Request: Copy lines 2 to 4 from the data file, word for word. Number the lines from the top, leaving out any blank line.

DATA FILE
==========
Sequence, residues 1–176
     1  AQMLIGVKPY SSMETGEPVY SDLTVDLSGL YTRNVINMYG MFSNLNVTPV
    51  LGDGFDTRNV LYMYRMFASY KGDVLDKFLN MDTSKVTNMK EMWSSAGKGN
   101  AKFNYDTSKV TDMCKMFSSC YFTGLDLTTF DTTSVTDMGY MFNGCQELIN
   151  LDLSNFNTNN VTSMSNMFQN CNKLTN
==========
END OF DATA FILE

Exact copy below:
     1  AQMLIGVKPY SSMETGEPVY SDLTVDLSGL YTRNVINMYG MFSNLNVTPV
    51  LGDGFDTRNV LYMYRMFASY KGDVLDKFLN MDTSKVTNMK EMWSSAGKGN
   101  AKFNYDTSKV TDMCKMFSSC YFTGLDLTTF DTTSVTDMGY MFNGCQELIN